April 18, 2019 12:00 PM
Rich and famous celebrities buying their children’s way into prestigious colleges and universities. Top schools admitting to using fake research to get federal funding. A popular Chinese film star admitting to plagiarism and lying about his academic claims.
Cheating and lying – usually discouraged at institutions of higher learning – don’t seem to be going away.
A recent admissions scandal revealed very rich parents bought test scores and favorsto gain their children’s admission to the University of Southern California, Yale University, and Georgetown University, among others.
The indicted, including actors Felicity Huffman and Lori Loughlin, allegedly paid counselors and others hundreds of thousands of dollars to ensure their children were admitted to prestigious U.S. colleges — such as Yale, Stanford and Georgetown universities — without having the credentials, skills or required abilities.
“We’re not talking about donating a building so a school is more likely to take your daughter or son,” explained U.S. Attorney Andrew Lelling. “We’re talking … bribed college officials.”
Many educators and students do not seem shocked.
“I think what surprised me was the lengths they went to create a false reality and fabricated image of their own child,” said Millie Evans, a senior at Georgia State University, citing instances in which parents created fake images of their children playing a sport.
“Photo-shopping their faces onto athletes and lying about their abilities, without even hesitating for a moment to consider whose hard-earned spot that it would be taking. It was a gross display of entitlement, privilege, and narcissism.”
Thirteen of the 33 indicted parents have pleaded guilty, while 19 have contested charges ranging from racketeering, conspiracy, fraud, money laundering and obstruction of justice. The fallout continues as students admitted under false credentials have been expelled or dismissed.
Cheating on standardized tests such as the SAT, ACT and TOEFL in Asia has reached such dramatic proportions the test administrators have canceled the exams, saying they couldn’t guarantee the answers hadn’t been widely distributed in advance.
A new study found that 15.7 percent of students admit to paying others to do their work. Professor Phil Newton from Swansea University was able to discern “contract cheating,” in which students pay for assignments written by others. Newton analyzed 71 samples from 64 studies back to 1978, concluding this form of cheating is “rising rapidly around the world” as “essay mills” make writing for hire cheap and easy.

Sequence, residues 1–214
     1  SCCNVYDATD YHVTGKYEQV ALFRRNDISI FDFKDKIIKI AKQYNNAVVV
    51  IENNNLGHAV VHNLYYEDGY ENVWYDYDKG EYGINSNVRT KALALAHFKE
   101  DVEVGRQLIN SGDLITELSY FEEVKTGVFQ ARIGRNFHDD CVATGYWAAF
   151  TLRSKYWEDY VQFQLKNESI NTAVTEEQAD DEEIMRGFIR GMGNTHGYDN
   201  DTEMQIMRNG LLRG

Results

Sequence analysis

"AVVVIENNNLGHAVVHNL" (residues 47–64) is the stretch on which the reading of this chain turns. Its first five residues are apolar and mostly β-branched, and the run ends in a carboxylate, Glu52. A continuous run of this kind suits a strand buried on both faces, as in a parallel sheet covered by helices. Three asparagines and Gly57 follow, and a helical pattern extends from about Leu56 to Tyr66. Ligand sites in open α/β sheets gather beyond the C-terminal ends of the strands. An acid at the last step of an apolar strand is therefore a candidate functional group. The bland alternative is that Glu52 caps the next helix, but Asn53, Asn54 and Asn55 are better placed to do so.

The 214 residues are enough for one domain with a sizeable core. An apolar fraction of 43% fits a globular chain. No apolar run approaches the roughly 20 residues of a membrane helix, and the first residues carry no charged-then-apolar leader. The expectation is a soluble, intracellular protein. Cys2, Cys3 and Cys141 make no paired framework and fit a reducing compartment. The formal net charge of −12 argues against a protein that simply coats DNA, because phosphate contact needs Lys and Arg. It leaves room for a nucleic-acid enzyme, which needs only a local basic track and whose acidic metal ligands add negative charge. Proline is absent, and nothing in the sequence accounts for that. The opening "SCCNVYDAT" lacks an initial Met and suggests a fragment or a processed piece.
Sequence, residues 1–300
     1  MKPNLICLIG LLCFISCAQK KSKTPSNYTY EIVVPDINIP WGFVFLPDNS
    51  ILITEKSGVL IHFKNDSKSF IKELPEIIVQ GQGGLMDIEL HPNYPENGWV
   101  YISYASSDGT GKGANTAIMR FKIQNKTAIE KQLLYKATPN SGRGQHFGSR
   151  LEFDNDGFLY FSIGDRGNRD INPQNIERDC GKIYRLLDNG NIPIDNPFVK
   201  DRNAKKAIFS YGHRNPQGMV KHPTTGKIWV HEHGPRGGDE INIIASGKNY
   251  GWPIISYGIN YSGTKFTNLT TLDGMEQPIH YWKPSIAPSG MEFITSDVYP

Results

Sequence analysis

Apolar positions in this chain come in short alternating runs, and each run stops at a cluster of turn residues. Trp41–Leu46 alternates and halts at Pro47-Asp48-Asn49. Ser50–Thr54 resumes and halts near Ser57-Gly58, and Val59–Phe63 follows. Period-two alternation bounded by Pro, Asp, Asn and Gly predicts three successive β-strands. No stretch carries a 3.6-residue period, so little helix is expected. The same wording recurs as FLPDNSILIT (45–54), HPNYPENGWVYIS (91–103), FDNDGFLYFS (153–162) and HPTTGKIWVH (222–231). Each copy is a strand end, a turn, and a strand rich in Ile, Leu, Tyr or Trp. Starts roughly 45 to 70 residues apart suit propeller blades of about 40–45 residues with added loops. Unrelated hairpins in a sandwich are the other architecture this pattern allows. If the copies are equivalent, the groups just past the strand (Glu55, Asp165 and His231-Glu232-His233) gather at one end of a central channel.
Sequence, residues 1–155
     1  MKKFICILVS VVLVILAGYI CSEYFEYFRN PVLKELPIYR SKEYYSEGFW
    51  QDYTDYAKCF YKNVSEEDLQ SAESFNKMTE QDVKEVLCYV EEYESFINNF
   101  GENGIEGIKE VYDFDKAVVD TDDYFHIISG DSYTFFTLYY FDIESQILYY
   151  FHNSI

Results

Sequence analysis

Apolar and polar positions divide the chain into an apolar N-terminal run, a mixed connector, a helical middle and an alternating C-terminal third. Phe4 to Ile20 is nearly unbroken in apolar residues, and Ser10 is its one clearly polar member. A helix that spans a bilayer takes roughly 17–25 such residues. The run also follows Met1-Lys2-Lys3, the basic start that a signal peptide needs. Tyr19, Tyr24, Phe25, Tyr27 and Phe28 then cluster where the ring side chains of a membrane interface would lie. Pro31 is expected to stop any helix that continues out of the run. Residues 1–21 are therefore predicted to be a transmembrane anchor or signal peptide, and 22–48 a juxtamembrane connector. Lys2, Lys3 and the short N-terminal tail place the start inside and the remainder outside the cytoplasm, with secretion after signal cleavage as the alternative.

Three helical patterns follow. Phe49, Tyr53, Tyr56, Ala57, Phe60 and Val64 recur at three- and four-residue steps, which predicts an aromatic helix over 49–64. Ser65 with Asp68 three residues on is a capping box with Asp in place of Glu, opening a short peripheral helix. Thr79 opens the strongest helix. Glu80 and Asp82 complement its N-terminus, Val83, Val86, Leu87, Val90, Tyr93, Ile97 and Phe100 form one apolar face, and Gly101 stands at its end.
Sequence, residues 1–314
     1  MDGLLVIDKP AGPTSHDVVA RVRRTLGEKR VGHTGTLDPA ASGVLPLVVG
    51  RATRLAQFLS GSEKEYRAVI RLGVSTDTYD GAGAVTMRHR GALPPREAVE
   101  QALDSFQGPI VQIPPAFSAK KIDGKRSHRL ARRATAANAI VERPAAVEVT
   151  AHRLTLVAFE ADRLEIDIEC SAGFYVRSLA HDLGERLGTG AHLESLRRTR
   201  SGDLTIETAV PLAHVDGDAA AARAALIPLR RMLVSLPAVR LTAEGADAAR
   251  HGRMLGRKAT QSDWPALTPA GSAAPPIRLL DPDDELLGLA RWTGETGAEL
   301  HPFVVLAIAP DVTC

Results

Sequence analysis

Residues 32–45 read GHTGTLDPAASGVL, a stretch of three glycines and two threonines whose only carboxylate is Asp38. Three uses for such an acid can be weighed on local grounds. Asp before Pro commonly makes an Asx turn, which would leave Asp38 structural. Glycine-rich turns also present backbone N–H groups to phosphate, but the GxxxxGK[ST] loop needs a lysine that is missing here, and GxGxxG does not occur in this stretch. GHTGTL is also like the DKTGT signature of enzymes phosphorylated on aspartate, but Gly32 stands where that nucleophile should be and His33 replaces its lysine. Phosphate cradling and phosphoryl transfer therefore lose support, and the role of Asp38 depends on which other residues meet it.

“Let me tell you the amount of times I’ve wanted to put a medal on a parent’s neck at the Science Fair instead of on the child’s because that parent said, ‘Oh, I really think we should be able to help our child in academics, so I did a lot on this Science Fair project,” said an exasperated Principal Gerry Brooks of Liberty Elementary School in Lexington, Kentucky, in a recent viral video that reached more than nine million viewers of which nearly 10,000 made comments in agreement.
“Everybody is just so surprised about this,” Brooks says. “You know who’s not surprised? Every educator in the whole world. Because this happens every day in our schools.”
Students say they don’t see the admissions system as fair or equitable. They point to parents who can pay for tutors and other focused instruction, to test and essay coaches, to better funded neighborhood primary and secondary schools, to summer camps in science and other specialities at universities that charge thousands of dollars to high-school students to attend them on campus.
And they point to families wealthy enough to donate large sums of money to colleges and universities far in advance of their child attending college there years later.
“For me, it wasn’t surprising at all. I already knew how corrupt our country’s education system was. I see it all the time in students who got accepted to college because their parents are alumni who donate a giant sum to the university every year,” said Natalie Dekker, a junior at the University of Georgia. “The idea that wealthy people think that they can buy their way (and their kids’ way) to success is old news to me.”
“I think [the college admissions scandal] was something that everyone was aware of, but now it’s just coming to light,” said Sana Mohammed of North Arizona University. “Obviously, I think it’s wrong, but if it wasn’t done in an illegal way it would have been done legally through buying buildings or giving donations.”
Long term consequences
Does this mean cheating will prevail? Research shows that it might get someone into and through college, but the workplace is a different story.
In a study from January 2018, more than 1,500 participants who witnessed someone acting immorally in a hypothetical situation – such as cheating on a lab task – rated that person as “less capable of doing their jobs, completing specific tasks or being generally competent,” reported lead author Jennifer Stellar, Ph.D., of the University of Toronto in the Journal of Personality and Social Psychology.
And Stellar said she was surprised by the results.
“We found that most people rated immoral behavior in one’s private life as irrelevant to determining how good that person was at their job. Essentially, people said they didn’t think they would use moral information in that way,” she explained. “But when they were provided with it, they did.”